[Welcome to my blog. My blog postings are a way to help men and women understand and appreciate the Old Testament theology, people, places, and stories.]
The Old Testament Book of Ruth is full of lessons and teachings. One such lesson is how kindness and mutual respect between couples can change future generations.
Dan and Mary (not their real names) were married in 1959 at 18 years of age. They are in their late sixties now. They told me their story of what they wanted in a marriage when they were dating each other. Both wanted something definitively different from the marriages of their families of origin: generations of alcoholism in Dan’s family and mistreatment of women in Mary’s family. “In our day”, Mary said “it’s called domestic violence.”
Mary’s family didn’t have the drinking problems found in Dan’s family, but both knew they didn’t want drinking or abuse in their marriage. Dan said, “What helped us a lot was going to church as a family and making some good friends. Our friends are honest, kind, and generous. We love them.”
Couples like Dan and Mary intentionally want to have a life different from the lives their parents and grandparents led because it is too emotionally painful to continue in similar behaviors and beliefs.
The Book of Ruth in the Old Testament is set in the time of the Judges (Ruth 1:1) and ends with the mention of King David.
The context of Ruth’s story is given in the opening lines: “In the days when the judges ruled, there was a famine in the land, and a certain man of Bethlehem in Judah went to live in the country of Moab, he and his wife and two sons. The name of the man was Elimelech and the name of his wife Naomi, and the names of his two sons were Mahlon and Chilion; they were Ephrathites from Bethleham in Judah. They went into the country of Moab and remained there. But Elimelech, the husband of Naomi, died, and she was left with her two sons. These took Moabite wives, the name of one was Orpah and the name of the other Ruth. When they had lived there for about ten years, both Mahlon and Chilion also died, so that the women was left without her two sons or her husband.”
A women alone could easily suffer or even die without a husband or family to support her. Afflicted by famine and alone, Naomi heard “that the Lord had consideration for his people and had given them food” (Ruth 1:6). Naomi returns to Bethlehem with one daughter-in-law, Ruth, who eventually marries Boaz, Naomi’s cousin, who by Israel’s law was obligated to marry her. Their marriage produced an heir (Obed) who was the grandfather of King David.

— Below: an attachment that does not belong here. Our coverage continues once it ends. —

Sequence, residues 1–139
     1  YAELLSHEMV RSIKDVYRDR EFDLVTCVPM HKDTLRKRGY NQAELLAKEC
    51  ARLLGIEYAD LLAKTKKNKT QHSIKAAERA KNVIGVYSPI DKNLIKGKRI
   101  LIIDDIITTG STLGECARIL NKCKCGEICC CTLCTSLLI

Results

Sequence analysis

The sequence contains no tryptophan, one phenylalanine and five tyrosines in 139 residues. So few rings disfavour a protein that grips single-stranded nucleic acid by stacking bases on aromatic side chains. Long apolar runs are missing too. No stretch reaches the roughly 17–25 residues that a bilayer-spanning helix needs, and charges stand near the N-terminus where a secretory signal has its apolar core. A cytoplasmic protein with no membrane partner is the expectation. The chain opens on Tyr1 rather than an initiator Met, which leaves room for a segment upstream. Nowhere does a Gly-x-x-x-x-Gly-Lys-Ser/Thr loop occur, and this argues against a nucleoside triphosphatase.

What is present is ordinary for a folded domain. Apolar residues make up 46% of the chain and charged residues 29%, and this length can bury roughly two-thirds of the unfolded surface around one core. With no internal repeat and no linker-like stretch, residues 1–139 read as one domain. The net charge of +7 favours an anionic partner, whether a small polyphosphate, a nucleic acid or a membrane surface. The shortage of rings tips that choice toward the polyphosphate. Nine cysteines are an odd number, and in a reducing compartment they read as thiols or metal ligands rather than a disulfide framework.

Ruth and Boaz’ family tree of descendants is surprising. Members of both families used trickery and deceit to secure the family line.
Ruth is a Moabitess whose ancestor was Moab. Moab was the child born to Lot (Abraham’s nephew) and his daughter (Genesis 19:30-38). This incestuous union occurred because Lot’s two daughters thought they were the only ones to survive on earth after the destruction of Sodom. So they got their father drunk and had intercourse with him; each of them had a child. One was Moab, Ruth’s ancestor.
Boaz had a similar ancestor in Perez, the son of Judah and Tamar. Tamar was Judah’s daughter-in-law. Tamar’s husband died and Judah did not provide a Levirate husband for her. Continuing the family name is very important in Israelite society. Tamar, in her desperate attempt to preserve the family line, tricked Judah by playing the harlot (Genesis 38:14-30). She gave birth to Perez, Judah’s son.
Ruth and Boaz were loyal, respectful, and kind to each other and to their family members, both living and dead. They did not repeat the trickery and deceit of the past ancestors. They changed the course of their future generations by avoiding deceit and trickery.
Dan and Mary raised six children and have many grandchildren. None of their descendants have repeated the destructive behaviors of their grandparents and great grandparents.
3 Practical Ways To Help Yourself Overcome Intergenerational Family Beliefs and Behaviors
1. Awareness. Name the past ancestors in your family tree, living or dead, who have influenced you negatively by their beliefs and behaviors. List the beliefs and behaviors. What do you want to change?
2. Support. Is there any unfinished business you need to deal with? Make a list. What support do you need to get through the challenges and pain? For example, do you need the help of another family member, a pastor, and/or a counselor?
3. Action. Create an action plan and timeline to help you resolve what is unfinished with your ancestors.
Ruth and Boaz prepared the way for the next generations through their goodness and mutual respect for each other. Dan and Mary were able to influence their children and grandchildren through choosing a different set of values and beliefs.
In the story of Ruth there is death, grief, loss, disappointment, and adjustment to a new religion, land, and people. There is also a happy ending. From Ruth’s marriage to Boaz, a boy child is born who carries the family name and a faithfulness to the God of Israel into the next generation.
In Ruth, Boaz, and Naomi kindness and respect replace the heritage of war, deceit, and lust received from their ancestors. Loving-kindness and respect pave the way for a different outcome in the history of the people of Israel.